Release Date: May 06, 2016
“Expansive” is the wrong word to describe a viciously focused, 29-minute album, but White Lung‘s fourth full-length is an evolution in every direction. The breakneck Vancouver quartet’s latest effort packs knotty instrumentation and glinting, steel-edged melodies, pierced by hints of ’00s radio rock and singer Mish Barber-Way’s dry sneer. Passionate by rarely loving, Paradise works on a higher conceptual level as well; Barber-Way’s side gig as a journalist and advice columnist has broadened her perspective and solidified her voice in a way few lyricists get to experience. The follow-up to 2014’s bracing Deep Fantasy continues to professionalize White Lung’s sound, and the resulting cyclone powers a band with even greater ambitions in mind.
The band chose producer Lars Stalfors (the man behind dark, warped albums by Chelsea Wolfe and HEALTH), because they wanted a “modern” sound for Paradise. Modern means clean, and modern means loud; White Lung have never had any trouble with volume, but Paradise brings new polish. Guitarist Kenneth William made a point of composing each song in a different key, and the band has refined their pacing without sacrificing momentum. “Below,” a ballad that could easily be another band’s fast song, highlights piercing guitar work that wouldn’t sound out of place on the new Deftones record. In Stalfors’ hands, the songs’ muscles grip closer to the bone and wildly zigzagging riffs are thrown into sharp relief. The sonic variety gives Paradise a more distinctly faceted sound than any of White Lung’s previous albums, even if you’re not consciously aware of why each track seems to ring with a unique echo.
The skillful construction and principled production are two reasons Paradise feels simultaneously thorny and listenable; another is the strength of its emotional trajectory. The pent-up frustration of opener “Dead Weight” gives way to “Narcoleptic,” a brutal awakening that fuels the furious energy of the eight tracks to follow. “Watch my blue turn red,” the narrator threatens, her ire invoked. “Take him down / With the lead he built into your crown,” she commands, fantasizing revenge. William’s ferocious guitar arrangements lead the choruses, matching Barber-Way punch for punch.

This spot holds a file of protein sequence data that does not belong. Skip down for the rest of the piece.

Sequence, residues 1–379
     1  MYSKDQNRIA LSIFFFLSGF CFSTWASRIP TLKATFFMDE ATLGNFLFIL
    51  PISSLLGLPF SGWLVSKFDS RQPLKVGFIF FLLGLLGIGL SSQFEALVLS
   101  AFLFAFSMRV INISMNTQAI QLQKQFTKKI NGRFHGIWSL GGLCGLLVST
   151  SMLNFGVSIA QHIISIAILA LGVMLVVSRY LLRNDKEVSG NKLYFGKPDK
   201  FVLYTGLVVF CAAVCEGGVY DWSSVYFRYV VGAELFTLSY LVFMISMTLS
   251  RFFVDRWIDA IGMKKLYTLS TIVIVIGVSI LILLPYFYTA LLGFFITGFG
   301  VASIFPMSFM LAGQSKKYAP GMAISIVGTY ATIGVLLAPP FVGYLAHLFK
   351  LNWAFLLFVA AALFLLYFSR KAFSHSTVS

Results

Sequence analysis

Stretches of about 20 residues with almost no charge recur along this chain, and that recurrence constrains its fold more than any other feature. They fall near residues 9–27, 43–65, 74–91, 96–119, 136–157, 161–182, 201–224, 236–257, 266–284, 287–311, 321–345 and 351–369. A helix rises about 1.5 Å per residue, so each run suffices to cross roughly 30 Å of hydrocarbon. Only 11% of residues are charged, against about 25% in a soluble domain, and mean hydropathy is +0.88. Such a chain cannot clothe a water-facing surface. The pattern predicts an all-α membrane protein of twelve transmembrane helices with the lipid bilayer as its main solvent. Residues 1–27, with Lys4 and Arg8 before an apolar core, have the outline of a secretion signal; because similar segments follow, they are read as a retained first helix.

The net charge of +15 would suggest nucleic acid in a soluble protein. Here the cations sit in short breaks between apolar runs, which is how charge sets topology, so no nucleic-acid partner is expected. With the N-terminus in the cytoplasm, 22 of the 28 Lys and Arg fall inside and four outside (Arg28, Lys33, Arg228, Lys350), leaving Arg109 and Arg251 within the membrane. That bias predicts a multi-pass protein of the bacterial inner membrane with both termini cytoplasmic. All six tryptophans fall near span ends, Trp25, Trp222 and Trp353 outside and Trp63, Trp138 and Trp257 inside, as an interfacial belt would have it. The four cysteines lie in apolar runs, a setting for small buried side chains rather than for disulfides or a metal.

There’s no one literal reading of Paradise; part of the album’s story is Barber-Way’s invention of new roles for herself. Several songs are told from the perspective of specific characters — some relatable, some awful. “Kiss Me When I Bleed” casts her as a young woman in a sinkhole of harsh circumstances and obsessive passion. “I will give birth in a trailer / Huffing the gas in the air / Baby is born in molasses / Like I even care,” she belts. It’s an un-beautiful line, exploiting taboos about bad mothering and the unkind habit of passing judgement on who has children and who ought not. It’s also one of the album’s most anthemic choruses, matched in intensity by a squealing bridge. There’s a universality to it; “kiss me when I bleed” is at once a human and explicitly feminine demand.
You could fairly compare this moment in White Lung history to the Emily Haines and Metric of ten years ago, fresh off the release of 2005’s Live It Out. Metric had pedigree as offshoots of Broken Social Scene, but they also had satellite-radio-ready singles, an established fanbase, and a charismatic frontwoman. Forget for a moment that Metric spent part of 2015 opening for Imagine Dragons; White Lung can now fairly lay claim to the kind of cultural relevancy Haines’ band once had.
Barber-Way is on a different path: outspoken, self-aware (“If I f**k up, that’s my problem,” she recently told Stereogum), possessing media savvy borne of experience on both sides. Her nonfiction writing is sensitive yet unapologetic, tackling loaded subjects like women serial killers and men who won’t eat pussy. Alongside Perfect Pussy‘s Meredith Graves, Barber-Way is closing the gap between punk’s airing of grievances and journalism’s examination of them, carving a niche as a (song)writer who can convincingly prioritize social message alongside music.
If White Lung seize their commercial potential — they’re certainly capable — they’ll have to keep sticking the tricky balance between raw energy and hooks that don’t alienate their noise-loving early adopters. Paradise lands closer to technical brilliance than emotional resonance, but you can feel the band reaching. On the titular closer, they nearly capture it. At its heart a traditional punk ripper, “Paradise” conveys in a few phrases an animalistic and trusting love: “We’ll go so very far / They’ll never hear our copulating.” Consequently, the song with the fewest pyrotechnics here is worthy of as many repeat listens as the barnburners. Throughout Paradise, the cure for pain is bitter medicine — and its title track is a reminder that things aren’t always so bleak as they first sound.